Dr. Desai is working on her first book Revolutionary Circuits of Liberation: The Radical Tradition of Palestinian Resistance Culture and Internationalism. In it she excavates the history of the radical tradition of Palestinian resistance culture, specifically the cultural institutions, archives and radical arts practices established by Palestinian revolutionaries. She maps the circulation of resistance culture across geographies in the 20th and 21st century, and unearths the legacy of anti-colonial and anti-imperialist cultural production, thought, consciousness and praxis against settler colonial dispossession, imperialism, warfare and genocide, past and present.
Dr. Desai is also the host of the Liberation Pedagogy Podcast, a site to learn about the praxis of political struggle and revolution, radical solidarities, decolonization, abolition, healing justice, and internationalism, in the quest towards freedom making. She is also a co-investigator on a SSHRC insight development grant that examines anti-terrorism legislation in the United States and Canada and the implications national security agendas have for activists involved in political struggles. She is also a collaborator on the SSHRC funded Youth, War, Migration Project and co-taught an ELL course on settler colonialism, displacement and settlement to refugees from the Middle East and Africa for the project.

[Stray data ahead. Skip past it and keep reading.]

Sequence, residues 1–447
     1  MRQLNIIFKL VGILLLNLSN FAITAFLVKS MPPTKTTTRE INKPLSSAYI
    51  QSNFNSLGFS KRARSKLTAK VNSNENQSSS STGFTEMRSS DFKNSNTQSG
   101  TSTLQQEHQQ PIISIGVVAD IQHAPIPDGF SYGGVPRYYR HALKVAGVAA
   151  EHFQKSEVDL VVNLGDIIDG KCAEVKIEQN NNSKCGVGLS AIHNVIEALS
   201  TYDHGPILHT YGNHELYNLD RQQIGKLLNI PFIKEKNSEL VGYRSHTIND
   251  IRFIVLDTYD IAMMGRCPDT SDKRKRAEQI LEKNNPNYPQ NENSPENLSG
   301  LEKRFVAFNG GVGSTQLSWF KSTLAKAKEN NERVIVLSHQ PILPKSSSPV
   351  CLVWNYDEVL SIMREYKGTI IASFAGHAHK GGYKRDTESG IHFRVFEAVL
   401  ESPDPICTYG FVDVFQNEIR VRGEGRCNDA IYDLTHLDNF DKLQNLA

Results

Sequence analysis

In 2016-2017, Dr. Desai held a Mellon Post-Doctoral Fellowship at the University of Illinois at Chicago, Social Justice Initiative. In 2017 she received the Outstanding Dissertation Award by the American Education Research Association (AERA) Division B, and co-edited a special issue on Decolonization and Palestine for the journal Decolonization. She is currently co-editing a special issue on state violence in South Africa, Palestine/Israel, and the Black Freedom Movement in the United States. Dr. Desai was the receipt of the 2019-2020 June Larkin Pedagogy Award for her work on liberation pedagogies. She is one of the co-coordinators of the Youth, Activism and Community Initiative at the University of Toronto.
· Theorizing Settler Colonialism, Capitalism and Race
· Decolonizing Research Methodologies for New Researchers
· Art, Cultural Production and Resistance Movements
· “Freedom Making”: Youth, Activism and Social Change
· Youth and Revolution in the Transnational Context (currently not offered)
Selected Referred Journal Articles** and Book Chapters
** Desai, C. (2020). Indigenous Intifadas, Resurgent Solidarity: Disrupting Settler Economies from Turtle Island to Palestine. Journal of Palestine Studies.
**Desai, C. & Sykes, H. (2019). Rio and an ‘Olympics Without Apartheid’: Brazil-Palestine Solidarity against Israeli Securitization. Journal of Race and Class. 60(4), 27-45.